April 2010
Volume 51, Issue 13
ARVO Annual Meeting Abstract  |   April 2010
Effects on Refractive Surgical Treatment Targets by the Variable Refractive Index of the Human Cornea
Author Affiliations & Notes
  • G.-M. G. Dai
    R & D, Abbott Medical Optics, Milpitas, California
Investigative Ophthalmology & Visual Science April 2010, Vol.51, 4198. doi:
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      G.-M. G. Dai; Effects on Refractive Surgical Treatment Targets by the Variable Refractive Index of the Human Cornea. Invest. Ophthalmol. Vis. Sci. 2010;51(13):4198.

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      © ARVO (1962-2015); The Authors (2016-present)

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Purpose: : To investigate the potential effect on the variability of the refractive index of the human cornea as a function of ablation depth during a laser refractive surgery

Methods: : It is well known that the refractive index of the cornea is higher on the anterior surface than on the posterior surface, ranging from 1.380 to about 1.373, with a rate of change of about 0.000015 per µm tissue depth. A model has been built to consider ablation targets as an ensemble of many differential layers where the refractive index within a layer is considered as constant. The ablation targets are originally given in optical path difference (OPD) and the depth of each differential layer is converted to tissue depth. The differential layers in tissue depth are recombined to obtain an accurate representation of the treatment target. This target is then compared to the treatment target using a commonly-used fixed refractive index of 1.377. The error is measured as the difference between the two treatment targets.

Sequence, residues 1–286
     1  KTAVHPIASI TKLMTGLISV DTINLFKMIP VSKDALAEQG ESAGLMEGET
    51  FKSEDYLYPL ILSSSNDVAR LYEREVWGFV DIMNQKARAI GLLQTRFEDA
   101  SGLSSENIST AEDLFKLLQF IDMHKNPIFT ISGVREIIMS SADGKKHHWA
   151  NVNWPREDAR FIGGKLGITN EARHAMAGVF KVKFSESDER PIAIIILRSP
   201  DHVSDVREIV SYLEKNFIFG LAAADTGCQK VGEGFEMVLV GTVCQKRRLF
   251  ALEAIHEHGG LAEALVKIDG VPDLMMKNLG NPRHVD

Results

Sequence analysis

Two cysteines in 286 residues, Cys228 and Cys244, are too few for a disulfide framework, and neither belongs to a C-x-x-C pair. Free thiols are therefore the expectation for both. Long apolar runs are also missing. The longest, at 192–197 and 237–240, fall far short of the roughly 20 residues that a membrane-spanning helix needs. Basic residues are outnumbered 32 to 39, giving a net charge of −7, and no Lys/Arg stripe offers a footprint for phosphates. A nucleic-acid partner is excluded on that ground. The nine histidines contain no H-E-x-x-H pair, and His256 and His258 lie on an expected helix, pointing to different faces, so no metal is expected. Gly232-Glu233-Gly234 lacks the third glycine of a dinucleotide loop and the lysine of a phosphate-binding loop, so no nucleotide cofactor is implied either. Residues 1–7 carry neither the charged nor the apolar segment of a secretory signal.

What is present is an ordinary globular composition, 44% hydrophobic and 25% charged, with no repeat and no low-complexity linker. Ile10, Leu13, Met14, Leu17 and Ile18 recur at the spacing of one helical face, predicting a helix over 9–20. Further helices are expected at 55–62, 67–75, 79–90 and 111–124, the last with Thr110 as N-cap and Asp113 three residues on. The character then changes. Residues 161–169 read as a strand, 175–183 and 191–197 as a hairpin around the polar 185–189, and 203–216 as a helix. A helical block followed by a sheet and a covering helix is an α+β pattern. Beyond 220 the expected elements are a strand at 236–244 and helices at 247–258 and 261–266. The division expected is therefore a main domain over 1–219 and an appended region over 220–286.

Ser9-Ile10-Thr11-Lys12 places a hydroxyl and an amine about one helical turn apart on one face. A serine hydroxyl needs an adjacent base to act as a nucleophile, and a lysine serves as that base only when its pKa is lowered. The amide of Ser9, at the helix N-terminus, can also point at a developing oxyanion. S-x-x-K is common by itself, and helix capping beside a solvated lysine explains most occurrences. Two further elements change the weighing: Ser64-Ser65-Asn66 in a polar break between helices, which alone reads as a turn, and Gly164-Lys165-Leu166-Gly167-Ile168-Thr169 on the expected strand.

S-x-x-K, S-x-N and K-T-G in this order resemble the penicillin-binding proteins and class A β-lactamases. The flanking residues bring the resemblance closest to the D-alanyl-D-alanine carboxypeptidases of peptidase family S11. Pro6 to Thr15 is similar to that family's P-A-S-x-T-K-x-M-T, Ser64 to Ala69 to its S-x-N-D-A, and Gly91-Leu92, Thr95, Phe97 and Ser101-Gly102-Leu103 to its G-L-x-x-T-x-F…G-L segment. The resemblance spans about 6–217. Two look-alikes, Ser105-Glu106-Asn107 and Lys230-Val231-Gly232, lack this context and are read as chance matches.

Results: : Three groups of input data were used in the simulation: (1) each of the Zernike coefficients excluding piston and tilt with one micron wavefront root mean square (RMS) in OPD; (2) eight low-order-only wavefronts with refractions ranging from -15 D to +6 D that covers spherical myopia, hyperopia, myopic and hyperopic astigmatism and mixed astigmatism; (3) five wavefronts with normal high order aberrations (HOAs) and little low order aberrations. For all three groups, very little residual refractions are induced. However, high order aberrations, measured as RMS and peak-to-valley (PV), are not negligible. The RMS values for the three groups are 0.042±0.004, 0.090±0.047, and 0.044±0.006 µm, respectively. For PV, they are 0.138±0.006, 0.268±0.052, and 0.134±0.003 µm, respectively. The RMS errors as a percentage of the input wavefront RMS are approximately 5%, 1%, and 10%, respectively. Therefore, it is expected to contribute to the induction of HOAs after refractive surgery, whether it is conventional or wavefront-driven

Conclusions: : Neglecting the variability of refractive index of the cornea in designing treatment targets in refractive surgery appears to be a contributing factor for the induction of HOAs in vision correction, especially in wavefront-guided surgeries

Keywords: aberrations • refractive surgery • refractive surgery: optical quality 

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